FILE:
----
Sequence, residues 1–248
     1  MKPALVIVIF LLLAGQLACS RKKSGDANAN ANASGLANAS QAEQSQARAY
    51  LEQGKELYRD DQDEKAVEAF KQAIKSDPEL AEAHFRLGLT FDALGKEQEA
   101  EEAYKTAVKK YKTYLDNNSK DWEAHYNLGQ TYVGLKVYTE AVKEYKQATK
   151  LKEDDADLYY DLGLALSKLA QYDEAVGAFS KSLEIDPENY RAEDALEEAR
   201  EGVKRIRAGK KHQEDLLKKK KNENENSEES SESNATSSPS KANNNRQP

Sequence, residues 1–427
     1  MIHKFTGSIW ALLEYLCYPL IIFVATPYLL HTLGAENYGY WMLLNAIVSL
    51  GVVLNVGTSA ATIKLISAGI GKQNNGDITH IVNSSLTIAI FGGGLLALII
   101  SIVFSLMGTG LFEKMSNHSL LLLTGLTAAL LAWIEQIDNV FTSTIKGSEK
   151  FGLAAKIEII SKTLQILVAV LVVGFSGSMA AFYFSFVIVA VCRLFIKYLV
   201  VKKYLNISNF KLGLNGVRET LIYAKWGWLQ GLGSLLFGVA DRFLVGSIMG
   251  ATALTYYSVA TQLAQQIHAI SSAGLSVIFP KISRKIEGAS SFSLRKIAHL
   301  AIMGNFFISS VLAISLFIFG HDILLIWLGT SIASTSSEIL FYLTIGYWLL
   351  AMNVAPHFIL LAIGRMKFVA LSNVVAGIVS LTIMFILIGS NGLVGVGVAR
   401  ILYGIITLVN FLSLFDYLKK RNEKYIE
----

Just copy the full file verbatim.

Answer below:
Sequence, residues 1–248
     1  MKPALVIVIF LLLAGQLACS RKKSGDANAN ANASGLANAS QAEQSQARAY
    51  LEQGKELYRD DQDEKAVEAF KQAIKSDPEL AEAHFRLGLT FDALGKEQEA
   101  EEAYKTAVKK YKTYLDNNSK DWEAHYNLGQ TYVGLKVYTE AVKEYKQATK
   151  LKEDDADLYY DLGLALSKLA QYDEAVGAFS KSLEIDPENY RAEDALEEAR
   201  EGVKRIRAGK KHQEDLLKKK KNENENSEES SESNATSSPS KANNNRQP

Sequence, residues 1–427
     1  MIHKFTGSIW ALLEYLCYPL IIFVATPYLL HTLGAENYGY WMLLNAIVSL
    51  GVVLNVGTSA ATIKLISAGI GKQNNGDITH IVNSSLTIAI FGGGLLALII
   101  SIVFSLMGTG LFEKMSNHSL LLLTGLTAAL LAWIEQIDNV FTSTIKGSEK
   151  FGLAAKIEII SKTLQILVAV LVVGFSGSMA AFYFSFVIVA VCRLFIKYLV
   201  VKKYLNISNF KLGLNGVRET LIYAKWGWLQ GLGSLLFGVA DRFLVGSIMG
   251  ATALTYYSVA TQLAQQIHAI SSAGLSVIFP KISRKIEGAS SFSLRKIAHL
   301  AIMGNFFISS VLAISLFIFG HDILLIWLGT SIASTSSEIL FYLTIGYWLL
   351  AMNVAPHFIL LAIGRMKFVA LSNVVAGIVS LTIMFILIGS NGLVGVGVAR
   401  ILYGIITLVN FLSLFDYLKK RNEKYIE